Static electricity is an imbalance of electric charges within or on the surface of a material or between materials. The charge remains until it is able to move away by means of an electric current or electrical discharge. Static electricity is named in contrast with current electricity, where the electric charge flows through an electrical conductor or space, and transmits energy. A static electric charge can be created whenever two surfaces contact and have worn and separated, and at least one of the surfaces has a high resistance to electric current (and is therefore an electrical insulator). The effects of static electricity are familiar to most people because people can feel, hear, and even see the spark as the excess charge is neutralized when brought close to a large electrical conductor (for example, a path to ground), or a region with an excess charge of the opposite polarity (positive or negative). The familiar phenomenon of a static shockmore specifically, an electr ...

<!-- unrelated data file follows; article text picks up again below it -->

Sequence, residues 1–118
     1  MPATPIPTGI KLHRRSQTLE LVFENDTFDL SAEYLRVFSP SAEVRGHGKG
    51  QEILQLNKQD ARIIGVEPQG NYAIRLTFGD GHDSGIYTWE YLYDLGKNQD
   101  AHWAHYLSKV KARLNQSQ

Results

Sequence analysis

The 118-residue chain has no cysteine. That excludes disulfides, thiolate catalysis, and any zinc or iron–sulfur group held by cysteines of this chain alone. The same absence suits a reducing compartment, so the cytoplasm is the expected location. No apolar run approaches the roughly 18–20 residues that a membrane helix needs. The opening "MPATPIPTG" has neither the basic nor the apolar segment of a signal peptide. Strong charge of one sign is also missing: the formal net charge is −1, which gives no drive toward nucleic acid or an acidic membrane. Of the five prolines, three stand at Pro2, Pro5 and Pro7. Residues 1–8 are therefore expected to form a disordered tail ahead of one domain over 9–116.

[...More Info...]      
[...Related Items...]     OR:     [Wikipedia]   [Google]   [Baidu]  


picture info

Hairy Ball Theorem
The hairy ball theorem of algebraic topology (sometimes called the hedgehog theorem in Europe) states that there is no nonvanishing continuous tangent vector field on even-dimensional ''n''-spheres. For the ordinary sphere, or 2‑sphere, if ''f'' is a continuous function that assigns a vector in R3 to every point ''p'' on a sphere such that ''f''(''p'') is always tangent to the sphere at ''p'', then there is at least one pole, a point where the field vanishes (a ''p'' such that ''f''(''p'') = 0). The theorem was first proved by Henri Poincaré for the 2-sphere in 1885, and extended to higher dimensions in 1912 by Luitzen Egbertus Jan Brouwer. The theorem has been expressed colloquially as "you can't comb a hairy ball flat without creating a cowlick" or "you can't comb the hair on a coconut". Counting zeros Every zero of a vector field has a (non-zero) "index", and it can be shown that the sum of all of the indices at all of the zeros must be two, because the Euler charact ...
[...More Info...]      
[...Related Items...]     OR:     [Wikipedia]   [Google]   [Baidu]  


Integral Curve